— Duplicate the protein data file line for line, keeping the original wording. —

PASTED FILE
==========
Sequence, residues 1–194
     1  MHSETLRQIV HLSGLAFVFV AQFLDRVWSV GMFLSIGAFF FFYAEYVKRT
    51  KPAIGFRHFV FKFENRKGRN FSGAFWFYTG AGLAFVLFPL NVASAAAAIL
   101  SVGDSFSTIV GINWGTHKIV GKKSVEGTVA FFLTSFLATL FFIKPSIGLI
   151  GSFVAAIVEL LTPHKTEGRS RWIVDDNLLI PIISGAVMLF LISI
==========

Sequence, residues 1–194
     1  MHSETLRQIV HLSGLAFVFV AQFLDRVWSV GMFLSIGAFF FFYAEYVKRT
    51  KPAIGFRHFV FKFENRKGRN FSGAFWFYTG AGLAFVLFPL NVASAAAAIL
   101  SVGDSFSTIV GINWGTHKIV GKKSVEGTVA FFLTSFLATL FFIKPSIGLI
   151  GSFVAAIVEL LTPHKTEGRS RWIVDDNLLI PIISGAVMLF LISI